There are some things only the lovely iPhone can do.

Whether that's navigating through the behemoth that is the internet simply by sliding your fingers graciously over the screen, or streaming music directly from your friend's PCs, there's a wealth of applications designed specifically to make use of the phone's features.

There are, of course, also apps that aren't specific at all to the iPhone, but still manage to shine, nevertheless.

Puzzloop most definitely fits into the latter category, proving to be a solid puzzler that doesn't needlessly attempt to make a gimmick of the iPhone's much lauded capabilities.

That's not to say that it doesn't make use of some of its features, that is. Puzzloop, of course, is controlled by the phone's touchscreen, though doing so is reduced to a couple of simple, short and swift movements; all that's required is for you to fire little coloured balls onto a spiral of other little coloured balls.

Said balls appear from the top of screen, gradually working their way around the loop towards the centre. Your job, firing from the middle, is to clear the balls before the reach the middle by matching up groups of three or more coloured balls.

Ideally (and, if you're clever), clearing one set of balls will push other matching balls together, helping set up a chain of combos that both boosts your score and clears huge chunks of the chain.

If this sounds a lot like existing casual game Zuma, that's because it is. However, it's worth noting that Puzzloop originally came out as an arcade game in 1998, so was actually an influence on that game, rather than the other way around.

Firing the ball is incredibly simple – a short tap of the screen does the job, but slight problems do arise when it comes to choosing the direction.

You can fires said balls in any direction, a whole 360 degrees, but doing so can often cause problems, your finger blocking your view as you turn the firing device, which basically looks like a large trumpet, round to face the direction you wish to shoot the ball. You'll also often find that simply lifting your finger off the screen results in the ball flying out of the device.

That's not a problem in itself, but if your finger happens to be in the way at the time it's very hard not to lift it off the screen just to get a glimpse at what's going on. There's potential there for frustration in spades, perhaps, but in time, it becomes only a minor annoyance that you'll quickly find yourself adjusting to.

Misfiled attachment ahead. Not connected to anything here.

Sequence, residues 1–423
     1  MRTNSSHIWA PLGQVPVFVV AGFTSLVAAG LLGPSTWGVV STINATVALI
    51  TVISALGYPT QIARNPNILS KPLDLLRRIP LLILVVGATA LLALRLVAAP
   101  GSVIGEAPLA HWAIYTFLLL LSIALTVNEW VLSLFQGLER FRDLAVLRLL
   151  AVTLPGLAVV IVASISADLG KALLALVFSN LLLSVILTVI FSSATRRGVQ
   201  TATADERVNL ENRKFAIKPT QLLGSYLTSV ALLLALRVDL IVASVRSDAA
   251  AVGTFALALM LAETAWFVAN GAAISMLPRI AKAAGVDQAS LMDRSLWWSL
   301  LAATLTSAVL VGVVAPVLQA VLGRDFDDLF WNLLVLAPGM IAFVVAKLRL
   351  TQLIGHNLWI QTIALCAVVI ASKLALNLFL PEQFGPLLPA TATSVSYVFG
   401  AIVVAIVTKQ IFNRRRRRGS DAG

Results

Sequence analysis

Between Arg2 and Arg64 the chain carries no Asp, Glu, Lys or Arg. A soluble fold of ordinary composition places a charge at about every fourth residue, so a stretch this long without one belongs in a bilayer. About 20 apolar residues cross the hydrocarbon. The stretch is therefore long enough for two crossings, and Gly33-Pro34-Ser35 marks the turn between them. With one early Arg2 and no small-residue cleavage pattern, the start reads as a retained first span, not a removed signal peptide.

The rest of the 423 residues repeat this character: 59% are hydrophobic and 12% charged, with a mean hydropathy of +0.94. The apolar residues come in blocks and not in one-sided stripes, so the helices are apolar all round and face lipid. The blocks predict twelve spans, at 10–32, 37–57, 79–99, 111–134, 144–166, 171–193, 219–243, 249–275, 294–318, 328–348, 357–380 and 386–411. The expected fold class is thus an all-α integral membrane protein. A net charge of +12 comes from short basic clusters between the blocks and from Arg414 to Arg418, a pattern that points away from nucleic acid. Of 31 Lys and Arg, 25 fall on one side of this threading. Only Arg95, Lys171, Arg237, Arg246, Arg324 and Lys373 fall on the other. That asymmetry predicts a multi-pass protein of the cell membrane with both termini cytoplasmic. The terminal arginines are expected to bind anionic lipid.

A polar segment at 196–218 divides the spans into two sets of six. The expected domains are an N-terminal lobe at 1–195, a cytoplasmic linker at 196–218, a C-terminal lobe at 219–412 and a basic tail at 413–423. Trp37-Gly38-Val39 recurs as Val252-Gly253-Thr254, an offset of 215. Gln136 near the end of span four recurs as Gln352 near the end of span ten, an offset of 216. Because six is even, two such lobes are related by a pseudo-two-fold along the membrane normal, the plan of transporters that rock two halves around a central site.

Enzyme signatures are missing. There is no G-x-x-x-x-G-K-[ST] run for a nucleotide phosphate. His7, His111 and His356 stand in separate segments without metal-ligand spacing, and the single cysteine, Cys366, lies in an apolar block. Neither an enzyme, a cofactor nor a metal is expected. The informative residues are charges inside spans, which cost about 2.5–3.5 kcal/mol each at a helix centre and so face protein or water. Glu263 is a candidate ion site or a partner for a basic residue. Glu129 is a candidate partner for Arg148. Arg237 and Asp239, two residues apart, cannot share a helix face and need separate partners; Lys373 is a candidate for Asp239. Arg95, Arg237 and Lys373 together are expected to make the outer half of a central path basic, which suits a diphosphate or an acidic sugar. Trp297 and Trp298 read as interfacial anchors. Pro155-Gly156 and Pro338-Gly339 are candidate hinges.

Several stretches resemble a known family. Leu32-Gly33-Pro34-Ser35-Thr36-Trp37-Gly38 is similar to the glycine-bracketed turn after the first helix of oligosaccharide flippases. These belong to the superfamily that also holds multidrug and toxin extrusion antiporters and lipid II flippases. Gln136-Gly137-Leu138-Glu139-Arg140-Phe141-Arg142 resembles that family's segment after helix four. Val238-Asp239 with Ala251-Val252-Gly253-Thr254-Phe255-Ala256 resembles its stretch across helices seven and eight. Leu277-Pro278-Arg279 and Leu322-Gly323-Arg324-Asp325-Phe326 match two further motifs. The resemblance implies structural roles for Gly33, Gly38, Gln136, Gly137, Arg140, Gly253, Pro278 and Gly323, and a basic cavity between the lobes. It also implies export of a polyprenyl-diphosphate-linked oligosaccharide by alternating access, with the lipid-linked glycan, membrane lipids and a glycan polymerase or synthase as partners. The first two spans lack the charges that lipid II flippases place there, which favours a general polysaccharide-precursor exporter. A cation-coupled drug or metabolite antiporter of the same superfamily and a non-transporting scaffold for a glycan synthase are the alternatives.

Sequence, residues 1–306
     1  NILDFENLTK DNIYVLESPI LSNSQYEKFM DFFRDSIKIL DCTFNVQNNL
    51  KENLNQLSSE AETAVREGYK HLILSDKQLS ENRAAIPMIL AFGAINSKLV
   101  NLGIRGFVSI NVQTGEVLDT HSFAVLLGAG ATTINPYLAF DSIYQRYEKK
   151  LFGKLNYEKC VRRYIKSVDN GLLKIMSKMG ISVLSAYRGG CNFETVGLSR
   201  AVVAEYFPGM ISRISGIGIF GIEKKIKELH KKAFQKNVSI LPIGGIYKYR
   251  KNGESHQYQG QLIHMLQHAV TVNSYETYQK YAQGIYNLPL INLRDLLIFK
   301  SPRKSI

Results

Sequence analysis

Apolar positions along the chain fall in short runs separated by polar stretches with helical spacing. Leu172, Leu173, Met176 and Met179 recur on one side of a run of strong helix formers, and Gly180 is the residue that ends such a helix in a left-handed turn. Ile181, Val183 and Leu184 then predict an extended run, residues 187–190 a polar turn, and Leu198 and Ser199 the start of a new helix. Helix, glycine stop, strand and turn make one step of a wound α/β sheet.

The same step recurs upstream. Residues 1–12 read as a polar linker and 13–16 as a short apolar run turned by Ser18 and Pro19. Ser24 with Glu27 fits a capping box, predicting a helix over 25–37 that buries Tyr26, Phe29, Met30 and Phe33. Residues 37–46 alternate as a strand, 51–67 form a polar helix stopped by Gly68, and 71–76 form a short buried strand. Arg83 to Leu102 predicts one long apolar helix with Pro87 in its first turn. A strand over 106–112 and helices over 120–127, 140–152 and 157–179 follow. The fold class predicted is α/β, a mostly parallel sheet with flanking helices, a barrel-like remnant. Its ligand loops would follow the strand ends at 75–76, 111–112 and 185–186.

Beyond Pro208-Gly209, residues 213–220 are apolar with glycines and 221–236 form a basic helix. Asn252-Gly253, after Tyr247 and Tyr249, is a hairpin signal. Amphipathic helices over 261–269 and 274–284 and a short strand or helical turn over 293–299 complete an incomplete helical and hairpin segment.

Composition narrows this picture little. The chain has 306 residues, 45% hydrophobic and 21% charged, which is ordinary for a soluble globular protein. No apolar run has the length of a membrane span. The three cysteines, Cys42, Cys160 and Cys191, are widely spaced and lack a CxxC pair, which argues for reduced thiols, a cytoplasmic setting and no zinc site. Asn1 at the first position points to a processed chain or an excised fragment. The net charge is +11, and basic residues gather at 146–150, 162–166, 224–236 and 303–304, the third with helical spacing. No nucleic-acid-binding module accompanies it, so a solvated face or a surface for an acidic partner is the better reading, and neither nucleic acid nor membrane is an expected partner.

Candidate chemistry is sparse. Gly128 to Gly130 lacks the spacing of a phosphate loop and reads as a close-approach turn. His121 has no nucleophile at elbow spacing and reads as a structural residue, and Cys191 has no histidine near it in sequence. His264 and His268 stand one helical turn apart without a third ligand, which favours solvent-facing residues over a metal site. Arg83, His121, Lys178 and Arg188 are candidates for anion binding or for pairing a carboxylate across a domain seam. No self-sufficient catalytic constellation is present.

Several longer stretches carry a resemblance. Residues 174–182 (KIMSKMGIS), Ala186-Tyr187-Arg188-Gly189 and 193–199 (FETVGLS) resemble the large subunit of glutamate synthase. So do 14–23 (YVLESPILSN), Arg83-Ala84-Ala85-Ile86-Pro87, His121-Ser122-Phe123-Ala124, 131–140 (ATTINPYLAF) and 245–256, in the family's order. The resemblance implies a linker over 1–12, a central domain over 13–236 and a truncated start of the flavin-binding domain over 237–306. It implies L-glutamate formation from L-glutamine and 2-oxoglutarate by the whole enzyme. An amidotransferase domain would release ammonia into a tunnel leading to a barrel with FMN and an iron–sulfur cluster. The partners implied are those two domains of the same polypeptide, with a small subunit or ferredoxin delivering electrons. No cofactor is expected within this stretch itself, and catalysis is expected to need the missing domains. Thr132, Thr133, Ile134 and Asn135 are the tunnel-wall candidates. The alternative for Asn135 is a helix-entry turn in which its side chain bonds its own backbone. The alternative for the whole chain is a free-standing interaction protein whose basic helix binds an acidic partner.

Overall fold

Of more note are some of the obstacles that block your path along the way. Rocket balls, for instance, power behind the rest of the balls, pushing them towards the centre of the twist. There are also moles and twisters that block the balls' path, bouncing them off the screen entirely.

But for every ying, there's a yang, and Puzzloop also comes with a number of special balls that help your progress; bombs that clear all the balls of whatever colour ball you thwack them at, balls that slow down or stop the balls progression around the loop for a time, and special treasure boxes that release other items when opened.

While these balls can play their part, more success if gained by the quick spotting and setting up of combinations, which, in practice, begins to come quite naturally.

In fact, if you're anything like me, you'll quickly find yourself turning into a screen-tapping demon, frantically firing off balls in a multitude of directions without even stopping to think about it.

Whether you're playing one of the Stage modes (all of which can be cleared), or the Endless mode, which constantly streams out and endless line of balls and asks you to survive for as long as possible, the automatic responses that'll team from your fingers is Puzzloop's buzz, joy and addiction all rolled into one.

This is the kind of game that, on any format, will pull in legions of fans who'll become dedicated to beating their top score, or even their friends' top score, but it's also crucial proof that studios need not randomly implement token iPhone features to enjoy significant success on the device.

Sometimes the 'simply does it' approach pays dividends.